Chinese Regime Considers Legalizing Illegal Detentions
concern group, call for the release of human rights lawyer Gao Zhisheng (seen on
poster) as they protest in Hong Kong on June 17, 2009. Gao has suffered repeated
abductions by security forces and his whereabouts are unknown. (Mike
For years the Chinese Communist Party (CCP) has been abducting troublesome
lawyers, dissidents, and activists, and
detaining them in secret locations without
notifying a soul. It is an extralegal process, decried by international observers and carried out
secretly inside China. A new change to the criminal law might make the process legal.
proposed amendments to residential surveillance laws would permit police to hold
suspects in undisclosed locations for up to six months in cases involving
terrorism, major corruption, or “national security.” The latter term is often
interpreted in unconventional ways by Chinese security forces, and can include
holding and expressing political or religious beliefs that the Party deems
Suspects could be held without notifying their families or lawyers to better “facilitate the
investigation," the state-owned Legal Daily reported.
As it is, Beijing
has become accustomed to secretly holding dissidents in an apparent attempt to
silence them. Prominent Chinese artist and activist Ai Weiwei, who was jailed
for nearly three months, was the highest profile example. He vanished before any
official charges had been concocted and filed.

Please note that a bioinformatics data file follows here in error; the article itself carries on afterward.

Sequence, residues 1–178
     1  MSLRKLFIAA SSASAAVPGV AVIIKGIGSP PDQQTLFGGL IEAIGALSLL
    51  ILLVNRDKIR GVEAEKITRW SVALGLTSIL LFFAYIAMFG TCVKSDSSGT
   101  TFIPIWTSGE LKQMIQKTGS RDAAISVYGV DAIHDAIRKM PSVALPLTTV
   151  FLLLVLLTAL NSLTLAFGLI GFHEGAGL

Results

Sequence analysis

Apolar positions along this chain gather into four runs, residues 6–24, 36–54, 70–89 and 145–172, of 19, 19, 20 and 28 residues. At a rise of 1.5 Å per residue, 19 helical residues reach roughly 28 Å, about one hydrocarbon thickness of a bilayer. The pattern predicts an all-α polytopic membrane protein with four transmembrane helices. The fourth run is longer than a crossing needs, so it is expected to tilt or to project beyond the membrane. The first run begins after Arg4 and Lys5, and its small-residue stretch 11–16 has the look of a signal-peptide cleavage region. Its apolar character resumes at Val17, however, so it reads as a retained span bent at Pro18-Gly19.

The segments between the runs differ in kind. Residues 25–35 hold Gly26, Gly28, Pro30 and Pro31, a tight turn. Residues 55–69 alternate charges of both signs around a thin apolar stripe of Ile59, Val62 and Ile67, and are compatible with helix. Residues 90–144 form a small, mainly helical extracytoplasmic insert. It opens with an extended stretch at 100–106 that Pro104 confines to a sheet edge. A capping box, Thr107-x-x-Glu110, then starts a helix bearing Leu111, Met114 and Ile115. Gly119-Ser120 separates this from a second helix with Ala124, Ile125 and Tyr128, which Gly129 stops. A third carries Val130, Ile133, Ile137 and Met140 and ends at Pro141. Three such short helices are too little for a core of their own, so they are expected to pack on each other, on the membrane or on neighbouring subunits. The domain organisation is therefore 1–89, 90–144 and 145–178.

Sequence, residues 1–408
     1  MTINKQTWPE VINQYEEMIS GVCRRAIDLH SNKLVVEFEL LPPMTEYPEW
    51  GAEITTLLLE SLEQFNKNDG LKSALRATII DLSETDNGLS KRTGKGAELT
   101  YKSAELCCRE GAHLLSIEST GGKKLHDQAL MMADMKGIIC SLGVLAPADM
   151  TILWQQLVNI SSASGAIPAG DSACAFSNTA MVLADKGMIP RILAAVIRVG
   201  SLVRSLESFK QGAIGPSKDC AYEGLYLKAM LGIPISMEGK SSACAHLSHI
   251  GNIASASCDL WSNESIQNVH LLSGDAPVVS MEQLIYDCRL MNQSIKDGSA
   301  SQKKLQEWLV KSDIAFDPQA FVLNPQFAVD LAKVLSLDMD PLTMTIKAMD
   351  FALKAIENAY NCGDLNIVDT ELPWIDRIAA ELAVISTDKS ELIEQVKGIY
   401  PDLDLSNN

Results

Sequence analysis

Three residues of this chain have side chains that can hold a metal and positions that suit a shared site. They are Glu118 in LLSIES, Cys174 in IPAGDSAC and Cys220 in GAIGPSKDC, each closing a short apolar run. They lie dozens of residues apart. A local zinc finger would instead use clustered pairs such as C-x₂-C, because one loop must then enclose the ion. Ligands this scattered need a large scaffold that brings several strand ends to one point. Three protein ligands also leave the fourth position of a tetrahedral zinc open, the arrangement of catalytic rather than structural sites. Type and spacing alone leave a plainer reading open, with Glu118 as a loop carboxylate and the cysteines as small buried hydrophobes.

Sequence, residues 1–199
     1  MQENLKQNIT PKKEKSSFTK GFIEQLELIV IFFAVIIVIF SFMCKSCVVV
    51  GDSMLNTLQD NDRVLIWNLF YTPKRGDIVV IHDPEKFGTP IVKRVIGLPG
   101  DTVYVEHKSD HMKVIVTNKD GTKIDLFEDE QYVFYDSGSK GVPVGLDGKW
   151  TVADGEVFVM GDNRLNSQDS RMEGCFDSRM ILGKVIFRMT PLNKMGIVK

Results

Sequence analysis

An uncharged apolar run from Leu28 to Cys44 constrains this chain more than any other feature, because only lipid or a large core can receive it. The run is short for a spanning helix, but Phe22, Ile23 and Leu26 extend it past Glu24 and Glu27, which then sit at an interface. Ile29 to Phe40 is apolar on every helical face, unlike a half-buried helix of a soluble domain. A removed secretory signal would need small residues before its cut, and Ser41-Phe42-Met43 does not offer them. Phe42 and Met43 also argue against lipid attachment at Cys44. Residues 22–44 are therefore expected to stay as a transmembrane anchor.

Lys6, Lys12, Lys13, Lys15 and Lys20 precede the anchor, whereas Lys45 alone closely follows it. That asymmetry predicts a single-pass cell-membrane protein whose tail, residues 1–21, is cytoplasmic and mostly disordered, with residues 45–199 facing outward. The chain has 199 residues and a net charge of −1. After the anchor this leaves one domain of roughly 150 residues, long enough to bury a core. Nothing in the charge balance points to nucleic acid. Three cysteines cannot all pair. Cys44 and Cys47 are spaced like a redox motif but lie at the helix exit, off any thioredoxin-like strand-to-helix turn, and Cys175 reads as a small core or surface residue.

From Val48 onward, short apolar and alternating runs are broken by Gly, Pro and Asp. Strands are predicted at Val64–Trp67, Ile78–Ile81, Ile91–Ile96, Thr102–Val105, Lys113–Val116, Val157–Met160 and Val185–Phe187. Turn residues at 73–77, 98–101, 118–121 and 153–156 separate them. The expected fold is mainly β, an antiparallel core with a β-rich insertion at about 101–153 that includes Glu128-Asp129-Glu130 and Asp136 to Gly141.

Human rights lawyer Gao Zhisheng was convicted in December 2006
of subversion, with the sentence reduced to 5 years probation. Since then he has
been subjected to repeated abductions by state security, with the most recent
occurring in April 2010. He has twice discussed the torture that he was
subjected to while detained, once in an article in 2007 and in April
2010 with an AP reporter. On Aug. 14, the date his 5-yearlong period of
probation ended, his wife held a press conference calling for the return of Gao
to his family. His whereabouts remain unknown.
While the regime claims
that the amendments are part of positive legal reforms, rights groups fear that
authorities will be endorsing an illegal practice already in use by police,
Radio Free Asia reported.
Currently, Chinese laws already allow suspects
to be held under house arrest, but the proposed changes would allow them to be
moved tolocations other than a “regular detention center or police station."
Liu Xiaoyuan, a legal activist and Ai’s lawyer, wrote a microblog post
on Saturday saying that even if the changes were to be made, at least family
members should be notified.
“Otherwise, a provision like this is basically
legalizing forced disappearances," Liu said, adding that any law lacking
requirements for families to be notified could result in torture and
The proposed changes to the criminal procedure law will be
reviewed in March by the annual session of the National People’s Congress, the
highest state body and only legislative house in communist China. The result of
that review, however, may have been decided by Party officials ahead of time.